What are Bitcoin Mining Fees and what in the world is ‘Dust’?!

Just a few years ago, transaction fees were only a few pennies and could easily be confirmed in under an hour. In fact, the total transactions in a single day were less than 100,000 in 2014 when Airbitz had just started. Today we are seeing as high as 350,000 transactions and an average of 250,000 or so transactions per day. Because of the growing demand of bitcoin, users, and transactions, the fees have gone up dramatically since then and have sometimes reached a cost as high as $3 for a single input especially during peak times which can last a day or even a period of weeks. Since that recent spike, the transaction volume has cooled down quite a bit and we are seeing fees starting to come down again.


Should we see higher fees again, some address balances may no longer be spendable because the amounts that are left are now too small to cover the fees to be sent out. This is known as ‘dust’. This guide will explore mining fees and show how users can adjust the fees in their favor using Airbitz’s latest update in version 2.4.5. With this update, Airbitz users may get away with sending out the remaining dust in their wallet by using a custom fee below the recommended amounts at the right time.

Mining Fees

Mining fees are a necessary fee that is paid to the bitcoin network, specifically to the ‘miners’ that secure and validate the transactions that go through. Airbitz doesn’t make a profit from these fees and 100% of the fees go to the bitcoin network so that your transaction can be processed in a reasonable time. The fees that are calculated and used are the recommended fees according to https://bitcoinfees.21.co/.

In our 2.4.5 update, Airbitz users will now be able to view any dropped transactions that occur and will also have more freedom by being able to set their own fees. Users can manually enter the fees below or higher than the recommended amounts. To do this, just tap on the mining fee in the “swipe to confirm” screen.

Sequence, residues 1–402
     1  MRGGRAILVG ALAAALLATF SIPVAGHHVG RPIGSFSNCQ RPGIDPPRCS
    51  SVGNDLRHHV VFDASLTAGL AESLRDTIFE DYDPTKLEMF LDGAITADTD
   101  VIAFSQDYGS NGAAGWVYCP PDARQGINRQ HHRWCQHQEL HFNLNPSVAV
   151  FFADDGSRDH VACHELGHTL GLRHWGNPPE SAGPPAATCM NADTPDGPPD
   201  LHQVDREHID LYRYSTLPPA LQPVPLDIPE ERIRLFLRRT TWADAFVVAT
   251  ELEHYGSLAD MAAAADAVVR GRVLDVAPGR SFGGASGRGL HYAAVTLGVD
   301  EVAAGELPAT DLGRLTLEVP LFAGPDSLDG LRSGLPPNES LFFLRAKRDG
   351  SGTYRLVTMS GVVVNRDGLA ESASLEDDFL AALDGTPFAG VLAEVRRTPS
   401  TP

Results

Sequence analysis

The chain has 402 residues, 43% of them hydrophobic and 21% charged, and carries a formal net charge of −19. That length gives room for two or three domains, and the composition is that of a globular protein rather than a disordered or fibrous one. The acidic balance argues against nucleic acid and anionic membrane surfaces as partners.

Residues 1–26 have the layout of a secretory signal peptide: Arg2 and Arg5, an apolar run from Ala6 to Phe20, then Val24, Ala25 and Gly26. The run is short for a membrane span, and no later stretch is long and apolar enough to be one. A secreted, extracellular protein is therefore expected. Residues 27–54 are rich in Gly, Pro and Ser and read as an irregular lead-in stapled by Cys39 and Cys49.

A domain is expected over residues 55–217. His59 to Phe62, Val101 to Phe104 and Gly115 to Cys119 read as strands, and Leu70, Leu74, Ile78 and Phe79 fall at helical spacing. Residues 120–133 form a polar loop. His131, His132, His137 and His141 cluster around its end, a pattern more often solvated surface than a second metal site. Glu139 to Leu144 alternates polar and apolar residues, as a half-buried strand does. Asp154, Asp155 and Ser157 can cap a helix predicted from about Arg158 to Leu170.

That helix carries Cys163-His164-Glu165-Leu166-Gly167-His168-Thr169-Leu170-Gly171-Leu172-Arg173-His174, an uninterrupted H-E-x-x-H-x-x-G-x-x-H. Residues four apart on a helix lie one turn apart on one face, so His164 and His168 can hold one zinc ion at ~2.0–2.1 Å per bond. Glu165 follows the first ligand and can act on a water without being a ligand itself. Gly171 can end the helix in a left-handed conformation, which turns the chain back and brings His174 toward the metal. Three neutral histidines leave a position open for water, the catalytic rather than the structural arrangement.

If the fees are set too low, the transaction may take multiple hours and even days for it to confirm. In some cases, the transactions can drop from the ‘mempool’ meaning that the transaction will not go through and be returned to the sender. In the event that a dropped transaction occurs and the user was the one sending, the user would have to re-send that payment again using higher fees for it to go through. If the user was receiving the money, the user will need to have the sender re-send the money. However, depending on network traffic, bitcoin transactions may even confirm with a zero fees paid to the network.

Dropped transactions are now recorded.

Dropped transactions that occur whether it is a send or receive will now be tagged as dropped and be recorded in the Transaction History screen as part of the update. This new important feature will prove to be useful as users now have a record on whether a send or receive was dropped and can use that as a reference should there be a dispute.

Users should try to time the transaction during non-peak hours so that the likelihood of that transaction will confirm. For example, users can do this by first checking http://statoshi.info/ to get an estimate how much traffic there is on the network at that moment in time and users can also check the recommended fees at https://bitcoinfees.21.co/. Next, they can use that data and attempt to try a send using a slightly lower fee than what is recommended. If the traffic is light and the fees have been adjusted to be lower, but not too low that it gets dropped, then the transaction might just go through.


Users will also find this beneficial in that they can make payments using a lower fee if they do not need to have that transaction confirmed or processed quickly. If the user doesn’t mind doing a transfer or a payment that could take several hours or even a day to confirm, then the user can go ahead and set the fees to low or enter a custom amount to save on fees.